Rip's Domain

CFSWITCH vs. Structure?

Posted in ColdFusion by rip747 on April 9, 2007

There has always been talks about the inefficiencies of using cfswitch in the ColdFusion world. Some say that it does have a big impact on performance. Dave Shuck makes a good point that you should always use cfbreak when using cfswitch since CF will continue to evaluate all cfcase blocks even after it finds a match.

Taking his example, I would like to propose another approach, one which doesn’t use cfswitch and just a plain structure to do the comparision. Let’s look at the Dave’s example:

<cfset num = 3 />
<cfswitch expression=”#num#”>
<cfcase value=”0″>
first
</cfcase>
<cfcase value=”3″>
second
</cfcase>
<cfcase value=”5″>
third
</cfcase>
</cfswitch>

And now my propsed example just use a simple structure:

<cfscript>
num = 3;
s = StructNew();
s[“0”] = “first”;
s[“3”] = “second”;
s[“5”] = “third”;
if(StructKeyExists(s, num))
{
writeoutput(s[num])
}
</cfscript>

We all know that structures are indexed and, because of this, faster than doing condition logic. Obviously you can only do this in a case like the example above, for simple conditional lookups and not if the cfcase statement would be doing anything beyond that. In other words, you couldn’t use my example an do cfqueries or anything crazy. Another good thing about using this method for simple lookups is that you don’t need to worry, obviously, about using cfbreak.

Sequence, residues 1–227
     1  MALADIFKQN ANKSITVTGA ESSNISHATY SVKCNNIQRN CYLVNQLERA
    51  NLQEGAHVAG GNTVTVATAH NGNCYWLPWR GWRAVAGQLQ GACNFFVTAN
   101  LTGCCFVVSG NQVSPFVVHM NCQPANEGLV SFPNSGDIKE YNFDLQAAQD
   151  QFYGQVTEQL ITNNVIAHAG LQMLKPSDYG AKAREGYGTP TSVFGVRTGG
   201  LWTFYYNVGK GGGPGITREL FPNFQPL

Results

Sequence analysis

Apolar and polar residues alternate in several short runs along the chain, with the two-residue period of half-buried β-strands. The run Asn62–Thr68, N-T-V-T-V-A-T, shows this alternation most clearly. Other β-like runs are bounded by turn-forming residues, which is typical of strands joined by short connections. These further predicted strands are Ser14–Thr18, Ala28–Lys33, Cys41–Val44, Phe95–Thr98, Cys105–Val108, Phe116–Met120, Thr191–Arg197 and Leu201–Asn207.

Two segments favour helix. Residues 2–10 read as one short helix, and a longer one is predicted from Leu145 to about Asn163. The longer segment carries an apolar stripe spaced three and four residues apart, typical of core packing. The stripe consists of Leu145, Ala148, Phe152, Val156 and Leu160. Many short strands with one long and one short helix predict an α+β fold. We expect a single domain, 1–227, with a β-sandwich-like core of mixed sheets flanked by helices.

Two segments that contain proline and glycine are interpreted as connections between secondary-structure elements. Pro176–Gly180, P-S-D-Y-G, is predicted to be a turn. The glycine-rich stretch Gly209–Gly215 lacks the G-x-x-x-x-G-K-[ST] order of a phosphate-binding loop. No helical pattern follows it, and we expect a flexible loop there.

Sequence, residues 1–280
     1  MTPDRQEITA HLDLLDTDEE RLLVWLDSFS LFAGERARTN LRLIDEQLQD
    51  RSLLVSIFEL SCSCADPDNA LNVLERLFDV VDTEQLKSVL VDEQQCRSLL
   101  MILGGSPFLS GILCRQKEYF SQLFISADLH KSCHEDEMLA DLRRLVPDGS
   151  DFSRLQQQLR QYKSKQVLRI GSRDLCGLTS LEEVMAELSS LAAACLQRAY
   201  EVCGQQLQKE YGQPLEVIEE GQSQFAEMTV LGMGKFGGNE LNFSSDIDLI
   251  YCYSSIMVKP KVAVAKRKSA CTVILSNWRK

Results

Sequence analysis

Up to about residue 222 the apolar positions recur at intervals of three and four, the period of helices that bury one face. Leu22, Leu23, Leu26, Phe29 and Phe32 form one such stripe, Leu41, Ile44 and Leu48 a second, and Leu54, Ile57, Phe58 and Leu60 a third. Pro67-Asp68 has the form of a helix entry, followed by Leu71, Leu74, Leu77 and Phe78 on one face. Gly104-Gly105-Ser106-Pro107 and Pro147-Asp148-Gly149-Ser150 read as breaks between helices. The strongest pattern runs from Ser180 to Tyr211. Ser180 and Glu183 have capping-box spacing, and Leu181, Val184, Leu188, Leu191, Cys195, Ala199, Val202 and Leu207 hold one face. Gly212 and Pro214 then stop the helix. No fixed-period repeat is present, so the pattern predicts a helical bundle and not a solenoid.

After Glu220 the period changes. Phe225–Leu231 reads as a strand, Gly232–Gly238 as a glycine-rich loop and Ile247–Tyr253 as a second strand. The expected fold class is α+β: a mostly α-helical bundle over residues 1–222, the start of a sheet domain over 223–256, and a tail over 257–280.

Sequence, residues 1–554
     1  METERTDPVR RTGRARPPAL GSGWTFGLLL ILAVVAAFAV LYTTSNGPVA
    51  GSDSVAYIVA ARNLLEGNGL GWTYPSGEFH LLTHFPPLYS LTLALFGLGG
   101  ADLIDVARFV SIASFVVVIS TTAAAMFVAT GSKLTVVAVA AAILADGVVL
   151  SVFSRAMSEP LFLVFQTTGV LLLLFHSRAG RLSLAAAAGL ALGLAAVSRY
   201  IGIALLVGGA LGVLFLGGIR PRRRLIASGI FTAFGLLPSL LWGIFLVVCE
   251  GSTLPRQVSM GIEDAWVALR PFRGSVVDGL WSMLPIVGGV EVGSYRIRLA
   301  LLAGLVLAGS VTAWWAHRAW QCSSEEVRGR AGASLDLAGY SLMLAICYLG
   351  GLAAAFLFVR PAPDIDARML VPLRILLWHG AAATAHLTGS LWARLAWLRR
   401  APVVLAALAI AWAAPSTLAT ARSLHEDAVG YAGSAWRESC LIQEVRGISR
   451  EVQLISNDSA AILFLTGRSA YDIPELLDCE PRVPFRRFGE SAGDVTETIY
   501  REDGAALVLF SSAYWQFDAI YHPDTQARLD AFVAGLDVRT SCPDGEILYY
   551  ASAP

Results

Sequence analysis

5 Responses

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  1. Sam Farmer said, on April 9, 2007 at 9:43 pm

    For the example you show then yes a structure is better but I think Dave was doing that just to explain what he was doing.

    It is only when you are using a a switch/case with cfscript that you need to use break which is similar to other languages like JavaScript, Java, etc.

  2. rip747 said, on April 9, 2007 at 10:04 pm

    @sam,

    I agree. He was doing a very basic example to get his point across.

    I was using his example to propose my little trick since it was so simple and perfect.

  3. Derek P. said, on April 9, 2007 at 10:16 pm

    couldn’t you just have it fire off methods within your struct to simulate where the code would be in a case statement? then just return the key’s value.

  4. Sammy Larbi said, on April 10, 2007 at 7:03 am

    That’s a neat little trick that reminds me of using

    [cfif listfindnocase(“Red Dog,Old Milwaukee”, beer)]
    don’t you mean “swill?”
    [/cfif]

    in place of a long list of OR conditions.

    But, I wonder if it retains its usefulness in a more realistic example, and also if it shows its intent clearly enough.

    Do you have a better example?

    “We all know that structures are indexed and, because of this, faster than doing condition logic.”

    Does one follow the other?

  5. rip747 said, on April 10, 2007 at 8:58 am

    @derek

    don’t know if you could do that. if you have the time, why don’t you try it out and post it to your blog. let’s see if it would work.

    @sammy

    like i stated, this method could be used as a replacement in very simple logic. i don’t think you could use this method in more complex examples, but i could be wrong.

    9 times out of 10 index does make thing faster. at least that’s what i hope or my statement is wrong🙂


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